The ruling Unity Party (UP) conducted rallies across the country over the weekend, creating earth-shattering results for incumbents and political sympathizers.
In Lofa County, incumbent Sumo Kupee’s hopes for party’s endorsement became history when the party instead selected his rival, former National Social Security and Welfare Corporation (NASSCORP) boss, Francis Carbah, to stand on its ticket.
Kupee could not convince district heads and even top executives of the party that he was the right man for the job, as majority of the delegates expressed their strong anger against Kupee at the polls.
Kupee had enjoyed a long relationship with UP executives, which earned him a position of Chairman of the Senate's Ways, Means and Finance Committee, a job responsible to oversee all financial matters including the National Budget, financial agreements between Liberia and other partners, as well as running the affairs of the senate's operational budget in consultation with other leadership members. He has served in this capacity since taking office in 2006 and as such had high hopes of the party's endorsement.
But his hope of riding again under the UP political umbrella in order to clinch party’s full support now remains history.
Defeated 12-8 votes, Kupee knows that he fought a good battle but was never the favorite. A four-vote margin means a lot in any political struggle. However, this does not put an end to Kupee's career. He seems determined to fight. When asked for response to his defeat, Kupee declined to comment on his next move, saying; "I will officially announce what is next shortly."
Carbah, whom the party welcomed under its umbrella, has had a long standing relationship with President Ellen Johnson Sirleaf and Vice President Joseph N. Boakai, who remain influential figures in both party and county politics, despite their lame duck status.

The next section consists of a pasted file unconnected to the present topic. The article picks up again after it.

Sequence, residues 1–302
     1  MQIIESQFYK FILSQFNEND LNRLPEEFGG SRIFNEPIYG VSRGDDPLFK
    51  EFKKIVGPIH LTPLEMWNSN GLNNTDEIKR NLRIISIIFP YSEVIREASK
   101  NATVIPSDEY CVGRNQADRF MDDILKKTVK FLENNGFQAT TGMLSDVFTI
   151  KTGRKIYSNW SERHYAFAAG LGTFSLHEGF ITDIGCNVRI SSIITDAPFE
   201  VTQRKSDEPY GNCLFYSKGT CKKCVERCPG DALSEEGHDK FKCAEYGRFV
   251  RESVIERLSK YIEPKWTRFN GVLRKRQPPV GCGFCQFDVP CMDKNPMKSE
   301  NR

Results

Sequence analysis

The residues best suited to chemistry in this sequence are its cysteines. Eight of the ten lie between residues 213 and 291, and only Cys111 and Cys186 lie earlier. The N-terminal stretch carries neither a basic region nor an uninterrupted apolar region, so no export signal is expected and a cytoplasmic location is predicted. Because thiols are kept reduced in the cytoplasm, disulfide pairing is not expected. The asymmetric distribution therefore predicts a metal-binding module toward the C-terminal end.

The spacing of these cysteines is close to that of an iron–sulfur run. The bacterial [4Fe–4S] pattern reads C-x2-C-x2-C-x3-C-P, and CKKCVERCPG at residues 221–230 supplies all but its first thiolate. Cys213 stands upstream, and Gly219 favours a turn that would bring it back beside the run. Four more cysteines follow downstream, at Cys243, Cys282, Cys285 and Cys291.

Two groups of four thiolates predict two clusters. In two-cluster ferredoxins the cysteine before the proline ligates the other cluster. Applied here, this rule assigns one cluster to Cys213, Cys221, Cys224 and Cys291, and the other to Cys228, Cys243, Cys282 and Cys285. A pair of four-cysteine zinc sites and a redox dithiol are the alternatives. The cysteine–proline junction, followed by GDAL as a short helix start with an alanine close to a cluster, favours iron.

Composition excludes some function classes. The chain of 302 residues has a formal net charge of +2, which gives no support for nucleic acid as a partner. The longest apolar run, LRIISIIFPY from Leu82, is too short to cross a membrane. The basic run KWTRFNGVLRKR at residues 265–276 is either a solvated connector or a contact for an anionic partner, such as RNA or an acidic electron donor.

In Bong County, UP downplayed previous political agreements with incumbent Senator Jewel Howard Taylor and announced that the party’s political weight rests on the shoulders of Dr. Henrique Tokpah, president of Cuttington University.
Madam Taylor of the National Patriotic Party (NPP) had hoped that she could collaborate with the UP in order for the party to support her bid by fielding no candidate in the region, but the former first lady was disappointed.
In Nimba and Montserrado counties, Dr. Peter Wheato and Aliue Sylla grabbed their share of the cake as the party’s endorsement fell steadfastly in their favor. Sylla defeated Madam Cecelia Cuffey Brown, a strong critic of CDC’s George Weah. Sylla joined the race along with Liberty Party's Benjamin Sanvee and CDC's George Weah, both of whom have received their parties’ endorsements, respectively.
The National Elections Commission (NEC) announced that the Special Senatorial Election will be conducted early October, and political parties are keen on electing their candidates through primaries or party executives’ endorsement to stand in the polls.